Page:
Chiropractic independent practice associations (IPA) began as an effort to include chiropractic in the preferred practice organizations (PPOs). Eventually, the health maintenance organizations (HMOs) followed suit. Chiropractic needed an advocate for its inclusion and an assurance to the medical managed care companies that chiropractic could be added to the benefit safely and without added administrative headaches for the managed care organizations (MCOs). Individuals or small groups of chiropractors did not have the same clout with the health plans as a large, state-wide chiropractic IPA, which could offer enough chiropractors to serve the health plans' membership and handle the administration of the benefit. The chiropractic IPAs were necessary for chiropractic to establish itself as a legitimate part of the managed care benefit plans.
As managed care evolved and standards set by state regulatory agencies and accrediting agencies (such as the National Committee for Quality Assurance and the American Accreditation Health Care Commission) became increasingly more sophisticated, the chiropractic IPAs were necessary to coordinate the contracting, credentialing, utilization review, and quality improvement activities that would otherwise be administered uniquely by each MCO. So where do things stand today?
Much of this can be summed up with the saying, "As the pie gets smaller, the table manners get worse." There are two wars being waged over chiropractic. One battle exists between the health plans and the chiropractic IPAs/HMOs, whereby the health plans are willing to pay less in capitation rates for the chiropractic benefit than they were five years ago. The other contest exists among the major chiropractic IPAs/HMOs that are trying to retain the health plan contracts they currently have, perhaps to obtain the contracts of their competitors and persuade health plans without a chiropractic health benefit to add one. Unfortunately, to offer the chiropractic benefits at the rates the health plans are willing to pay, the IPA chiropractic fee schedules have taken a hit.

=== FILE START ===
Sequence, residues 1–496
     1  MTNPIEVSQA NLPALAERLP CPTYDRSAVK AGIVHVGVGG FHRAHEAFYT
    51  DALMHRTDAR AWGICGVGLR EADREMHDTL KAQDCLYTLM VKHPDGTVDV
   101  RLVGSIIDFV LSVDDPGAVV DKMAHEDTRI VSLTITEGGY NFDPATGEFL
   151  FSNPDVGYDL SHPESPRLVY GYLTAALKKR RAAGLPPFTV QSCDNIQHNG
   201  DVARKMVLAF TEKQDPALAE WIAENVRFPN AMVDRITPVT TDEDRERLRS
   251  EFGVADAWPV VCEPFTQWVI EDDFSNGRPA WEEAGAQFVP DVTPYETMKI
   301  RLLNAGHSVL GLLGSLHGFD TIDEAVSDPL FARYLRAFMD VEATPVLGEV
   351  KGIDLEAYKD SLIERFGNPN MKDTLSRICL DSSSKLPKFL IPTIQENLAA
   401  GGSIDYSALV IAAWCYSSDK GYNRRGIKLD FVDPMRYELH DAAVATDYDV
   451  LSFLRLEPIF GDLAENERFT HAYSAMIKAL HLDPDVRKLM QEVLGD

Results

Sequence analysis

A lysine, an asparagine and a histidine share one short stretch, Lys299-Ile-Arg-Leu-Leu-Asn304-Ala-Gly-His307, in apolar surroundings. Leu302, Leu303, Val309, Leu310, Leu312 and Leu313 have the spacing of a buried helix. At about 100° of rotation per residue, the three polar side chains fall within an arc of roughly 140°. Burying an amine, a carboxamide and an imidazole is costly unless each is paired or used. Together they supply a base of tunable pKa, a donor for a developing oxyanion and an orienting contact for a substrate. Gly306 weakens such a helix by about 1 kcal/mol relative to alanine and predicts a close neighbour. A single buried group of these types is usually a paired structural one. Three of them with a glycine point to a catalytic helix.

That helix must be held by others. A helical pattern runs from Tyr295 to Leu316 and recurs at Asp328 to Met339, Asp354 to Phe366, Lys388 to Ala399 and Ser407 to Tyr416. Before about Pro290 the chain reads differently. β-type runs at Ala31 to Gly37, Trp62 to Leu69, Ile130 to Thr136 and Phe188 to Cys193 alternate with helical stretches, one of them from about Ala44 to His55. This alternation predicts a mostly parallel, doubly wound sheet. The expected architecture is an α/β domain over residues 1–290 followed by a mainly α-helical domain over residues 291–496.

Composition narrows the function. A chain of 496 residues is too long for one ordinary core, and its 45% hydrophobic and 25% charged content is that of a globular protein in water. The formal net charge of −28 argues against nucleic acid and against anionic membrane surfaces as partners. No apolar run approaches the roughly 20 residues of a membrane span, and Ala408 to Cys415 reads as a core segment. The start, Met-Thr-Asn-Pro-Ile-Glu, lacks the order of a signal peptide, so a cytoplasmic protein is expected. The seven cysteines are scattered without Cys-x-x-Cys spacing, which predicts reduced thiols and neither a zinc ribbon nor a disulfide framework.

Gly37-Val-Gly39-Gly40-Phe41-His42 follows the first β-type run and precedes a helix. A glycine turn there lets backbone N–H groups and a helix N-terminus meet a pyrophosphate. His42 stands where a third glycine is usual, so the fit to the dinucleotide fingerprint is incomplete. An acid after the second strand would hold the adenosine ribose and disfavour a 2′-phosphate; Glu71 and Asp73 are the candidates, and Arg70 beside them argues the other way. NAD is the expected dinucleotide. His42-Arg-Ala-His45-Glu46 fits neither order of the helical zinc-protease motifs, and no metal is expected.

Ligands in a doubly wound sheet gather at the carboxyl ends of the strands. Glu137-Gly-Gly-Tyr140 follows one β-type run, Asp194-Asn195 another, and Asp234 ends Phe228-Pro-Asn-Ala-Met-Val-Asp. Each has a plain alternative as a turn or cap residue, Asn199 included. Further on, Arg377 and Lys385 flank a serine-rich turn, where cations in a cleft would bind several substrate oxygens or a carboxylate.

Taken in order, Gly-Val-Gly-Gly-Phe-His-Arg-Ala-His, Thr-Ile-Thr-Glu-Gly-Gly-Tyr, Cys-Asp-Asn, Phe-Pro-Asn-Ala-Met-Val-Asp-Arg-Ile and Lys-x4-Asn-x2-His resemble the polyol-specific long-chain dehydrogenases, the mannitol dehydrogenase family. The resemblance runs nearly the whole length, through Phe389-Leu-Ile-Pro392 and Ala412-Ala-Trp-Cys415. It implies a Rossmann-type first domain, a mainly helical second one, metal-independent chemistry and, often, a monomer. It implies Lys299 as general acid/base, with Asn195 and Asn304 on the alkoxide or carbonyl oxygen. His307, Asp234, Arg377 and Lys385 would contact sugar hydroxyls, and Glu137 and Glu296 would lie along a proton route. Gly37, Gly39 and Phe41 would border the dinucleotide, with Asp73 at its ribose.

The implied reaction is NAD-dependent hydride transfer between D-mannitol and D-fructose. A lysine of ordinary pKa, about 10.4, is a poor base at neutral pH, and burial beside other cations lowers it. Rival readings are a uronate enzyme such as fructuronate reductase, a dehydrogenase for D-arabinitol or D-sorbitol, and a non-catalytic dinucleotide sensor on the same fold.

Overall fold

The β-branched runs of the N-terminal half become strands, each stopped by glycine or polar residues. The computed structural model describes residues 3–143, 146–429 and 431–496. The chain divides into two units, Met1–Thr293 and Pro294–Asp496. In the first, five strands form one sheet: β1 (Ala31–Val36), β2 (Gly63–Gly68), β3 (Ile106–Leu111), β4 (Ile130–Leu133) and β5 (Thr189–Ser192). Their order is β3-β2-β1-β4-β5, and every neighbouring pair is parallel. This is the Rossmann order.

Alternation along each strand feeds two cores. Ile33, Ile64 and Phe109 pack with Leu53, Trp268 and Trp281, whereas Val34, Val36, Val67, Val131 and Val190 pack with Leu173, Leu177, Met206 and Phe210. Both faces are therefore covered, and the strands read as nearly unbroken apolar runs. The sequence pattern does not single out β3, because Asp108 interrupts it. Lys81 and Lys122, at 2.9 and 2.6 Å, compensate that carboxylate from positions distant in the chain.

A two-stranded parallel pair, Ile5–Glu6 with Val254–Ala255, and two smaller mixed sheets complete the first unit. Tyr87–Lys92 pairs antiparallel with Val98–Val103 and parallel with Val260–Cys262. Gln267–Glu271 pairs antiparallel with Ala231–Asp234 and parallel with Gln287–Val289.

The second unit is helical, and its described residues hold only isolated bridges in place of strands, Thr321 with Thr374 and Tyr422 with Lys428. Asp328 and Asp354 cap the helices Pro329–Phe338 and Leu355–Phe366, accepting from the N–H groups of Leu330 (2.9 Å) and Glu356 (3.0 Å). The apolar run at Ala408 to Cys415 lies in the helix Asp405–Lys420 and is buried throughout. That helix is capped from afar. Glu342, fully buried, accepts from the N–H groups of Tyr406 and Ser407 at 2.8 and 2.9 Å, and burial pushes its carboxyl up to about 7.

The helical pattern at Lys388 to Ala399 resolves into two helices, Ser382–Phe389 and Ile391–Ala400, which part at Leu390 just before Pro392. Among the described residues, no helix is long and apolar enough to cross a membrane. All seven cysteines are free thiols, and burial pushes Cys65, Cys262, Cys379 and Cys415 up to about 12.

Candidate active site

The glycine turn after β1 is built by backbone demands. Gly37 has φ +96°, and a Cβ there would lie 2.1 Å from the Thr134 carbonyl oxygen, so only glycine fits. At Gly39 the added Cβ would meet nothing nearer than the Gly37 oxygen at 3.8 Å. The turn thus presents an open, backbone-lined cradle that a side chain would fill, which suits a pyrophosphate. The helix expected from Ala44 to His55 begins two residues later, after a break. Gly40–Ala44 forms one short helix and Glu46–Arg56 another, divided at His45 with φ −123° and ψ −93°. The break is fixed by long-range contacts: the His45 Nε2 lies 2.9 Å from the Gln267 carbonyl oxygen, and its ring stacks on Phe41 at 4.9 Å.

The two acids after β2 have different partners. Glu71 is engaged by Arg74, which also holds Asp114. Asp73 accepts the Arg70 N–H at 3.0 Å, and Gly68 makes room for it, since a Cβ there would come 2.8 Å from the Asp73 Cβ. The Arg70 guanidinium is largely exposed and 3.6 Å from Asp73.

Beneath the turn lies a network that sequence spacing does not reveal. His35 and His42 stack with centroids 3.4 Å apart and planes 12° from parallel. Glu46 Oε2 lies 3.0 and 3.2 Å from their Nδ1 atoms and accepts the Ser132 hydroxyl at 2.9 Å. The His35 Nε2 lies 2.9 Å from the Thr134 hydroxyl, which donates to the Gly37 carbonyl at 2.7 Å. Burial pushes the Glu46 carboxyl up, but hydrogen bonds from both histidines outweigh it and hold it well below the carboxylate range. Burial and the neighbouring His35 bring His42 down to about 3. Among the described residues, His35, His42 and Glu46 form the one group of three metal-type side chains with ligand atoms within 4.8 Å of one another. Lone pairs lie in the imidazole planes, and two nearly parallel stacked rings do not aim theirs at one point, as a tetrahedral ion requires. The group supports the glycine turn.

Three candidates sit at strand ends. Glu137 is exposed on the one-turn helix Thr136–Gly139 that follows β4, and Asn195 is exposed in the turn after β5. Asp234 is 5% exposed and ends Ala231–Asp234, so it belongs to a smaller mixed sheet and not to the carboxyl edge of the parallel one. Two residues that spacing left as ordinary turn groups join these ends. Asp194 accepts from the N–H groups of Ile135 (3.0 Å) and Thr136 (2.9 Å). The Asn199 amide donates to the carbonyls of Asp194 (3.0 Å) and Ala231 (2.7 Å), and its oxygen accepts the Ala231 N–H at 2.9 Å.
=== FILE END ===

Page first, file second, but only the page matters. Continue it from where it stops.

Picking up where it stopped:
The challenge to chiropractic IPAs is to make the case for how they remain relevant and necessary to each DC. With chiropractic being offered by nearly every health plan in the state, it is difficult for the IPAs to bring a greater volume of patients to their panels. Instead, the IPAs must primarily compete against each other for their competitors' market share. The IPAs still take on the coordination of contracting, credentialing, utilization review and quality improvement activities. However, the chiropractic IPAs are challenged with demonstrating to their chiropractic panels that the value of their administrative services is still favorably balanced by the reimbursement offered and the time required to participate in the pre-authorization, recredentialing and quality improvement systems. In short, they must demonstrate that the piece of the health-care-dollar pie that they use is money well spent.
The primary concern for the profession today is how to ensure that this "pie" is divided equitably. The logical starting place for this assessment is with the health plans. After all, they are the ones dictating to the IPAs/HMOs how much they are willing to pay in per-member-per-month (PMPM) fees for the chiropractic benefit. However, the capitation rate that the health plan pays to the chiropractic IPA/HMO may differ, in some cases significantly, from the PMPM rate the health plan is receiving from the employer group for that chiropractic benefit. In other words, the health plan typically charges the employer group more in PMPM than what they pay to the chiropractic IPA/HMO to administer the benefit and pay the claims. While the health plan does bear some administrative expenses in overseeing the IPA/HMO and assisting members with the chiropractic benefit, it would seem that those costs should be relatively minor. It would be interesting to know whether any decreases in rates paid by the health plans to ASHP were passed along by the health plans to the employer groups with the chiropractic benefit. Or could the health plans be using the difference to offset losses in their medical costs without having to lower capitation to their medical groups?
In all fairness, this same scenario holds true for the chiropractic HMOs that contract directly with an employer group instead of with the health plan. What the chiropractic specialty HMOs are able to charge an employer group in PMPM for the chiropractic benefit is generally much greater than what they receive under capitation from a health plan. In this case, the chiropractic HMO is not sharing any of the PMPM with a health plan. The number of lives enrolled directly with the chiropractic HMOs in California has been relatively low; however, the reduced fee schedule has been applied to these patients as well, despite the PMPM revenues for these lives that have presumably not decreased.
One solution may be a more sophisticated reimbursement system that rewards high-quality, efficient chiropractors that are also very accessible to members. The flat fee, either per diem or global, does just the opposite, and essentially pits the practitioners against the IPA. Worse yet, as those fees drop, the schism becomes greater. The situation is not irreparable, but calls for creative solutions from the chiropractic IPAs/HMOs if they are to emerge from this difficult time with a restoration of their raison d'etre.